Connecting Power BI to Dynamics 365 Customer Engagement OData

As we’ve seen in the previous articles on How to work with Power BI in Dynamics 365 for Sales and Service as well as How to work with Power BI in Dynamics 365 for Sales and Service–Part 2, we can leverage the existing content packs to simplify our data presentation for the Sales and Service modules in Dynamics 365. And that works fine if your requirements conform to what’s already built in those content packs. But most of the time that’s not necessarily the case.

Let’s have a look at how you can work with Dynamics 365 Customer Engagement data in Power BI from scratch. We’re going to be doing this from Power BI desktop. If you don’t have it installed on your machine, grab it from the Microsoft Store or from here.

Once installed, launch it. It starts with a wizard, and you can directly start from Get data.


Alternatively, if you closed the wizard, on the Home ribbon go to Get Data.


This brings up the Get Data source selector.

If you go to Online Services and find Dynamics 365 (online), that will allow you to select an already created content pack.


We’ll look at creating content packs in a future article, for now all we want is a direct connection to our trial environment. So instead, select Other and find OData.


When done, click Connect. The wizard then prompts you for the OData feed URL. You get this URL from your Dynamics 365 environment by going to Settings > Customizations > Developer Resources > Instance Web API > Service Root URL


Do note that, at the time of this writing, using the v9.0 URL results in the following error, so instead use v8.2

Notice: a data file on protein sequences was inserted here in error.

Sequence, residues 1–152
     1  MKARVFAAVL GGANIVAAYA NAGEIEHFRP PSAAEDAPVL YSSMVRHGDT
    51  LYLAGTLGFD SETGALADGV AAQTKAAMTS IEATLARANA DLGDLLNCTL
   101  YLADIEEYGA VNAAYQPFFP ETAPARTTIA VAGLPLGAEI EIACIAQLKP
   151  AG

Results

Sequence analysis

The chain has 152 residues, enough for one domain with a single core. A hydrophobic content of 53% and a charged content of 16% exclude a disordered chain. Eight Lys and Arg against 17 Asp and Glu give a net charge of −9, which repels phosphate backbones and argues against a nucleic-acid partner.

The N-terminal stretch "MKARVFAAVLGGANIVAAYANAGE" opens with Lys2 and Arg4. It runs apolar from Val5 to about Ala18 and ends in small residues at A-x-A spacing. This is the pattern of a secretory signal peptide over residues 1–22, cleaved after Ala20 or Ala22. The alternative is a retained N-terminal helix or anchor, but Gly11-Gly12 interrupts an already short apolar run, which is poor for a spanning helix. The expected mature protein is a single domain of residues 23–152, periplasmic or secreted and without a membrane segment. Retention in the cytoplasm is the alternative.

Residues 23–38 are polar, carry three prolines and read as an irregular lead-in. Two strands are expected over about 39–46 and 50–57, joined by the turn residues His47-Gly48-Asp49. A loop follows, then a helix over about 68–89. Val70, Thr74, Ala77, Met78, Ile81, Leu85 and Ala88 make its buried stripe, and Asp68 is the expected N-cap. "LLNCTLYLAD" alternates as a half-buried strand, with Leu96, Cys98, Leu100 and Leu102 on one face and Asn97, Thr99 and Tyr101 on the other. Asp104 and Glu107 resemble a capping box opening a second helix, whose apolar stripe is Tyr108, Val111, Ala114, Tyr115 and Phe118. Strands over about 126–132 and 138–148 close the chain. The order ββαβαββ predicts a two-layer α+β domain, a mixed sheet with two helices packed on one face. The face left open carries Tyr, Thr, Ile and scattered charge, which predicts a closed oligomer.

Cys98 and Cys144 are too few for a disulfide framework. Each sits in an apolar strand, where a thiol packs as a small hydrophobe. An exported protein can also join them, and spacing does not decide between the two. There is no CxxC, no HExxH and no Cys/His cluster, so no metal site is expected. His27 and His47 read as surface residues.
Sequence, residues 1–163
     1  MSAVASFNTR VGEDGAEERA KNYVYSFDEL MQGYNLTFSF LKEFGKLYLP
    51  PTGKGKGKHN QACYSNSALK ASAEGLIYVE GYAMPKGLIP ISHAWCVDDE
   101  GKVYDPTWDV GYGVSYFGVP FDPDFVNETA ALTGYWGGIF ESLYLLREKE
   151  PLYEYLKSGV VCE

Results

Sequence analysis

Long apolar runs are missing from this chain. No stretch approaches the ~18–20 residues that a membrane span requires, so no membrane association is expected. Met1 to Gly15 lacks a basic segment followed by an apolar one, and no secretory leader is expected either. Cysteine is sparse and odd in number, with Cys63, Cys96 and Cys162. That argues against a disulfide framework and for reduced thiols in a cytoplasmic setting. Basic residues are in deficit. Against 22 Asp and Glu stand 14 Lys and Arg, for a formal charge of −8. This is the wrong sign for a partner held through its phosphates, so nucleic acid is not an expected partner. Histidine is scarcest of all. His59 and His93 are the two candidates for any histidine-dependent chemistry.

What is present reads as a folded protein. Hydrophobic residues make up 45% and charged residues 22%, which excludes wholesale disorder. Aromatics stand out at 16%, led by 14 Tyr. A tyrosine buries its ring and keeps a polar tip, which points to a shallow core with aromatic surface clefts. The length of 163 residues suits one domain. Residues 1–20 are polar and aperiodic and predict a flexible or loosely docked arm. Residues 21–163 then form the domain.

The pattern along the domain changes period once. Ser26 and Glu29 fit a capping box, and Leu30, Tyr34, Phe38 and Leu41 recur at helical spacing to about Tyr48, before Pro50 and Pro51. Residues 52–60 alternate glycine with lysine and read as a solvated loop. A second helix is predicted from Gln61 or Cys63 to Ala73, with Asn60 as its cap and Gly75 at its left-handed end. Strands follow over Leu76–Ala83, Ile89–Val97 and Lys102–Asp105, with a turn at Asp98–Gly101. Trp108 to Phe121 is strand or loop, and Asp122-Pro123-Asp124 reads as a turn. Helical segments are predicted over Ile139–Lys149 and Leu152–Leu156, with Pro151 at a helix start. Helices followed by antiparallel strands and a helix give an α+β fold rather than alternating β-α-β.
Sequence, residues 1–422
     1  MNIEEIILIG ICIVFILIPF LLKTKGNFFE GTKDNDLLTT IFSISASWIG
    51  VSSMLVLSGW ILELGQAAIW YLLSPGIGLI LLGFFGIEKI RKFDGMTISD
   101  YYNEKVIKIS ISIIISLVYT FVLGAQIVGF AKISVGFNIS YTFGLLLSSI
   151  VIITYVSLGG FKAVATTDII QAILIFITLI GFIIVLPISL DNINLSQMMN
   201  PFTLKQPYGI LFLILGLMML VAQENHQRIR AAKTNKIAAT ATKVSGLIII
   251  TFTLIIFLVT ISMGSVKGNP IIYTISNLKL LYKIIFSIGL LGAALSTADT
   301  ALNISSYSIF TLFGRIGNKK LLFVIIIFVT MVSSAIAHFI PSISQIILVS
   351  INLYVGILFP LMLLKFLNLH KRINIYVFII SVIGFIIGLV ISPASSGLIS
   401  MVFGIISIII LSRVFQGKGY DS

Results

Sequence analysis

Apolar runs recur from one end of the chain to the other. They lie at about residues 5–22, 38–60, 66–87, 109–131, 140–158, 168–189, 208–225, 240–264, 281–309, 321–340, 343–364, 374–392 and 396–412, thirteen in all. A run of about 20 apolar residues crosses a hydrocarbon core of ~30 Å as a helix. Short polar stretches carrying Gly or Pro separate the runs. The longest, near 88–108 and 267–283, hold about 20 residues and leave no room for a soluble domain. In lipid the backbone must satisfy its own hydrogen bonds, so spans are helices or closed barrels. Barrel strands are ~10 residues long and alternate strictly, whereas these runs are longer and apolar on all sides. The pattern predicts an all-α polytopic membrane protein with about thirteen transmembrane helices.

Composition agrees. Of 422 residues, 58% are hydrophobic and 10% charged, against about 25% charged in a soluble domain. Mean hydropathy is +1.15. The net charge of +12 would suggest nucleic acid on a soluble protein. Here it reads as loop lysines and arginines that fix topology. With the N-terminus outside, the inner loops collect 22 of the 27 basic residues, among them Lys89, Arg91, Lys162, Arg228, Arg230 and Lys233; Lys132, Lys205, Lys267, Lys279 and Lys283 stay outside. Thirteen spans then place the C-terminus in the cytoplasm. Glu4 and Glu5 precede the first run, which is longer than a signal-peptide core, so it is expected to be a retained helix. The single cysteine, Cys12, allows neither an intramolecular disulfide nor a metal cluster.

If not already signed-in, you will be prompted to sign-in. Use an account with access to the Dynamics 365 data you intend to leverage in your report.

Next, the Navigator allows you to select the entities you want to leverage in your dashboard. We can choose here for example the accounts and salesorders.


Once you chose your entities, you can click on Select Related Tables to add to your data set tables with matching key columns in a 1:M relationship, but if you take that approach, make sure and validate what else is being pulled in. You could bring in too much data you don’t really need, like for example entities data related to Field and Project Service if these solutions are installed in your environment. You might not want that data for what you are trying to achieve. Alternatively, knowing the data model in CRM you can create the relationship in the Power BI model and bring in only the minimum amount of data you require.

When done, click on Load and let it run. You can see the progress in the next pop-up.


Once the load is done, you can look at the data model by bringing up the relationship view.


And now that you have your data available, you can proceed to working with it towards getting it ready for your new dashboard.


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